With a view to obtaining the intercession of the kirk, Bothwell in April 1592 wrote to the ministers of Edinburgh that his intrigue with the Spaniards was not directed against their religion, but intended solely to avenge the death of Queen Mary; and secondly, that his foolish consultation with witches never touched the king, it being impossible that he could ‘hate where both benefits and blood compelled him to love’ (Letter printed ib. pp. 150–6). Chancellor Maitland, a notorious enemy of the kirk, was, he added, the sole accuser of himself and Home, in the hope that by destroying them he, ‘a puddock stool of a night,’ might take the ‘place of two ancient cedars.’ About 8 April the king, on learning that Bothwell had crossed the Tay at Broughty on his way to Caithness, suddenly left Edinburgh for Dundee. At a meeting of the parliament on 29 May James denounced Bothwell, and asserted that he aspired to the throne, although he was ‘but a bastard, and could claim no title to the crown’ (ib. p. 161). In the same parliament sentence of forfeiture was passed against Bothwell. Bothwell's stay in the north was short. Having learned ‘by secret advertisement of certain counties’ that the king was ‘at quietness at Falkland’ (Hist. of James Sext, p. 250), he surrounded the palace between one and two of the morning of 20 June 1592, but the king being warned by the watch, retired with his attendants to the tower, where he resisted till seven o'clock, when the country people in the neighbourhood flocked to his assistance, and put Bothwell to flight. On 2 July proclamation was made for the raising of a levy for his pursuit (Reg. P. C. Scotl. iv. 762), but nothing was accomplished. On 1 Aug. the lairds of Logie and Burley brought Bothwell secretly to the palace at Dalkeith, in order that he might be suddenly introduced into the king's presence to crave pardon, but the king was forewarned of their intention, and Bothwell was safely conveyed away (Calderwood, v. 173). The Master of Gray also promised to get him ‘into the king's favour,’ but Bothwell feared treachery (ib. p. 190). On 9 Oct. the king headed another fruitless expedition to the borders to apprehend him. Probably Bothwell, when the king retired, followed closely in his wake, for on 3 Nov. the citizens of Edinburgh were summoned suddenly while at dinner by the common bell to search for him. The only result of the quest was the committal of one or two women to the common gaol for receiving him. The king, now at his wits' end, weakly issued a proclamation against introducing Bothwell into his presence. On 20 Nov. the Countess of Bothwell, who on the 17th had intercepted the king at the castle gate of Edinburgh ‘crying for Christ's sake that died on the cross for mercy to her and her spouse,’ was forbidden to enter the king's presence (Reg. P. C. Scotl. v. 23). As she and many of Bothwell's adherents still continued at large about Edinburgh, an order was given on 8 Dec. to the provost and magistrates of Edinburgh to apprehend them (ib. v. 26–7). On 1 Jan. 1592–3 Bothwell caused a placard to be affixed to the cross of Edinburgh and other places, informing the ministers of Edinburgh that his constancy to religion gave them no just cause to abhor him, although a declared rebel (Calderwood, v. 232). This appeal produced no result, and finding no prospect of help he resolved to take refuge on the English side of the border. On learning this the king instructed Sir Robert Melville, who had gone on an embassy to England on 1 June, to persuade Elizabeth to deliver him up. Elizabeth assented. On 21 July sentence of forfeiture was passed against him by parliament, all his property being confiscated, and his arms riven at the cross of Edinburgh. His friends thereupon determined to make a special effort on his behalf. The Duke of Lennox and other noblemen secretly sympathised with him, on account of their jealousy of Maitland. On the evening of the 24th, after assembling their retainers in the neighbourhood of the palace, Bothwell in disguise was introduced into the king's chamber during his temporary absence. On returning the king found Bothwell on his knees, with his drawn sword laid before him, crying with a loud voice for pardon and mercy. The king called out ‘Treason!’ the citizens of Edinburgh hurried in battle array into the inner court; but the king, pacified by the assurances of those in attendance on him, commanded them to retire. Bothwell persisted that he did not come in ‘any manner of hostility, but in plain simplicity.’ To remove the king's manifest terror, he offered to depart immediately and remain in banishment, or in any other part of the country, till his day of trial. The king permitted him to leave, and an act of condonation and remission was passed in his favour (Reg. P. C. Scotl. v. 92–3), but, according to the author of the ‘History of James Sext’ (pp. 272–3), the king remained in ‘perpetual grief of mind,’ affirming that he was virtually the captive of Bothwell and the other noblemen who had abetted him. His suspicions were partly allayed by the intervention of Robert Bowes, the English ambassador, and others, but as his fears subsided he was less inclined to deal leniently with Bothwell. On 14 Aug. he signed an agreement, binding himself to pardon Bothwell and his adherents, and to restore them to their estates and honours, the agreement to be ratified by a parliament to be held in the following November (Calderwood, v. 257–258); but at a convention held at Stirling on 8 Sept. an attempt was made to modify the bargain, it being set forth as a condition of Bothwell's restoration that he should remain beyond seas during the king's pleasure. Matters soon drifted into the old unsatisfactory condition. On the 22nd Bothwell and his supporters were forbidden to come within ten miles of the king, unless sent for, on pain of high treason. He, Atholl, and other nobles assembled notwithstanding in the beginning of October 1593 in arms near Linlithgow, where the king was staying, and on the 22nd he was summoned to appear before the council to answer the charge of high treason (Reg. P. C. Scotl. v. 100), and not appearing, was denounced.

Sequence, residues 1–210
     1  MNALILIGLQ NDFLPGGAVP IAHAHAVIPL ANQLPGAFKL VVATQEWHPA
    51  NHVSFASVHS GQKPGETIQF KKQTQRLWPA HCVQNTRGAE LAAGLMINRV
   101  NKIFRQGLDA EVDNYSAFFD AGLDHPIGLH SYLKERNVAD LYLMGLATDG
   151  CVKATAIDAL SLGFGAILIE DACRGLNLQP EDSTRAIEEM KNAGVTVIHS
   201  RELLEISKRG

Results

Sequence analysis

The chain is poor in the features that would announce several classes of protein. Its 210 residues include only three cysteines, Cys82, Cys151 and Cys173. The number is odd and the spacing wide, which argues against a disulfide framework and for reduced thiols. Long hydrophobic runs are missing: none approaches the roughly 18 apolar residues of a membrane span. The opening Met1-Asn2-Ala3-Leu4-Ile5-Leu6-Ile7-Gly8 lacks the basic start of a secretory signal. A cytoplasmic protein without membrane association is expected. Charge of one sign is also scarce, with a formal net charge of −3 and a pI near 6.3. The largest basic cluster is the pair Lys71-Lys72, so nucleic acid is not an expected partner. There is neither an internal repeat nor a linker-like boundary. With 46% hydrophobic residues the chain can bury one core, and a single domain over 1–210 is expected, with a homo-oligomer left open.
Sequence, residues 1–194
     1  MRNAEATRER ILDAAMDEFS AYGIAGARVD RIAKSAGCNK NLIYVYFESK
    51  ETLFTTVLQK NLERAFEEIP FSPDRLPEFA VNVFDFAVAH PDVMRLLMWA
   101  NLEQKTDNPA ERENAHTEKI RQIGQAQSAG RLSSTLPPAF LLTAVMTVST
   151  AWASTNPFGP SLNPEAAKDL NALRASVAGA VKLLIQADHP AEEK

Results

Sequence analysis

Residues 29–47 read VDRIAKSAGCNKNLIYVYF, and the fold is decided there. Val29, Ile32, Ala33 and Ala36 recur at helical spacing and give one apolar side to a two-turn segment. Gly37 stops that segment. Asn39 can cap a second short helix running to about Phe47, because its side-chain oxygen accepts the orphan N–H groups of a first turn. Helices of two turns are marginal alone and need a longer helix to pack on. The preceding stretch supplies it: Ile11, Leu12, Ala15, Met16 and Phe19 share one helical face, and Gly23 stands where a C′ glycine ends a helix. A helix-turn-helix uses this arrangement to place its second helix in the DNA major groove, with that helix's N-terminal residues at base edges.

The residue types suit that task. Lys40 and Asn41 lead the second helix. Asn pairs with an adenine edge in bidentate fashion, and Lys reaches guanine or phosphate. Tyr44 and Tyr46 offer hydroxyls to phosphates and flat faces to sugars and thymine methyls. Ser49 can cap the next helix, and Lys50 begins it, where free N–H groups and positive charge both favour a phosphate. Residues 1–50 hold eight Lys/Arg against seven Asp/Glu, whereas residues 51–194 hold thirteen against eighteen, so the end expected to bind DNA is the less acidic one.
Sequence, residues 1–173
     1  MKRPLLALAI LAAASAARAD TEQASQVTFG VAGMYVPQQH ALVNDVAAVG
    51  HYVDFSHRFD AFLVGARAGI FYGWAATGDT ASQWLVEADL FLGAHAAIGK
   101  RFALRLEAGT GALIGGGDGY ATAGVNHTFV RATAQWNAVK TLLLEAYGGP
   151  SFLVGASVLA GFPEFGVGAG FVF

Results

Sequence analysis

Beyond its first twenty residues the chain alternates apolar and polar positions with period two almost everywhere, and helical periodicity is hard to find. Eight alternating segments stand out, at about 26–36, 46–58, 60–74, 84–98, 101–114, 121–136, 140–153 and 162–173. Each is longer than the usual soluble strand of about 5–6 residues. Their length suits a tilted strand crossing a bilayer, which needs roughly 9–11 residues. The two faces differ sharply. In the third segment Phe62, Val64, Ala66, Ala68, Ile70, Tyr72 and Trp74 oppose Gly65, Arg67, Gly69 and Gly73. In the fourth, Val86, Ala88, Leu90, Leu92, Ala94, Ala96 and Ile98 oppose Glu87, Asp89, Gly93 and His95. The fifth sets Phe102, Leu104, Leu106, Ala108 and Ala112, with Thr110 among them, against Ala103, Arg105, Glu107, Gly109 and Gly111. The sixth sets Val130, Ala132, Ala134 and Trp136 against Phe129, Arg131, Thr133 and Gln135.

The change in the king's policy is partly explained by the recall of Maitland, on whom alone the king could depend for co-operation against Bothwell. It being rumoured in March 1593–4 that Bothwell was assembling his friends and dependents, a proclamation was issued on the 27th for a levy of forces for his pursuit if need be (ib. p. 137), and on 2 April a second proclamation was issued for a muster at Stirling against him (ib. p. 138). Bothwell suddenly appeared with a powerful force in the neighbourhood of Leith. He proclaimed that he came to offer assistance against the Spaniards, whose landing, he said, was expected in a few days. His real object was to make a demonstration of his strength for the encouragement of his friends, and in the hope of bringing the king to terms. The king advanced against him from Edinburgh, and he retired slowly—‘as if none had come forth to pursue’—by the back of Arthur's Seat towards Dalkeith. On being charged by Lord Home's horse he had the best of the encounter, and it was supposed that he might, had he chosen, have captured the town. The king ‘came riding into Edinburgh at full gallop with little honour’ (Calderwood, v. 297). Bothwell retired leisurely to Dalkeith, and thence to the borders. He sought refuge in England, but was forced to leave by command of Elizabeth. He had to choose between delivering himself up and joining the northern earls. In September he sent a letter to the ministers of Edinburgh, describing his friendliness and destitution, promising to adhere to his religion, and offering to put off his appointment for a conference with the catholic earls till the ministers had discussed measures for his relief (ib. v. 347). He was soon in the north under the protection of Huntly and Errol. On 25 Sept. he ‘cast into the kirkyard’ a letter to the ministers announcing his alliance with Huntly, but offering to do them any service in his power (ib.) On 23 Jan. 1594–5 Scot of Balwearie delivered up the treasonable correspondence into which Bothwell had entered in August with Huntly and the catholic earls (Reg. P. C. Scotl. v. 205). Huntly declined to surrender him, although offered a full pardon. But Bothwell's case was now desperate. His association with the catholic earls proved fatal. The king demanded his excommunication by the kirk, and although Bothwell wrote to the clergy of Edinburgh offering to receive their correction for whatever offence he had committed, he was on 18 Feb. excommunicated by the presbytery of Edinburgh at the king's command. Bothwell passed northward to Caithness, where he continued to lurk till the month of April. The king sought to bribe an acquaintance of Bothwell, Francis Tennant, a merchant of Edinburgh, to betray him, but Tennant as soon as he reached Bothwell revealed the king's purpose (Hist. of James Sext, p. 344). Tennant supplied him with a ship to convey him to Newhaven in Normandy, and in spite of James's demand for his surrender he was permitted to remain in France (ib. p. 345). Some months afterwards he removed to Spain, and finally went to Italy, where he spent his later years. He died in extreme poverty at Naples in 1624. The bulk of Bothwell's estates, including the lordship of Crichton and Liddesdale, came into the possession of his stepson, Sir Walter Scott of Buccleugh, while Lord Home obtained the priory of Coldingham, and Ker of Cessford the abbacy of Kelso. He had three sons and three daughters. The eldest son Francis obtained a rehabilitation under the great seal 30 July 1614, which was ratified by parliament 28 June 1633, but the title was never restored. John, the second son, was prior of Coldingham, and got the houses and baronies belonging to that priory united into a barony in 1621. Henry, the third son, also obtained a part of the lordship of Coldingham in 1621. Of the three daughters, Elizabeth married James, second son of William, first lord Cranstoun; Margaret married Alan, fifth lord Cathcart; and Helen married Macfarlane of Macfarlane.

[Hist. of James the Sext (Bannatyne Club); Moysie's Memoirs (Bannatyne Club); Robert Birrel's Diary in Dalyell's Fragments of Scottish History; Register of the Privy Council of Scotland, vols. iii–v.; Pitcairn's Criminal Trials; Cal. State Papers relating to Scotland; Cal. State Papers, For. Ser., Reign of Elizabeth; Histories of Calderwood, Spotiswood, and Burton; Douglas's Scottish Peerage (Wood), i. 232–233.]

T. F. H.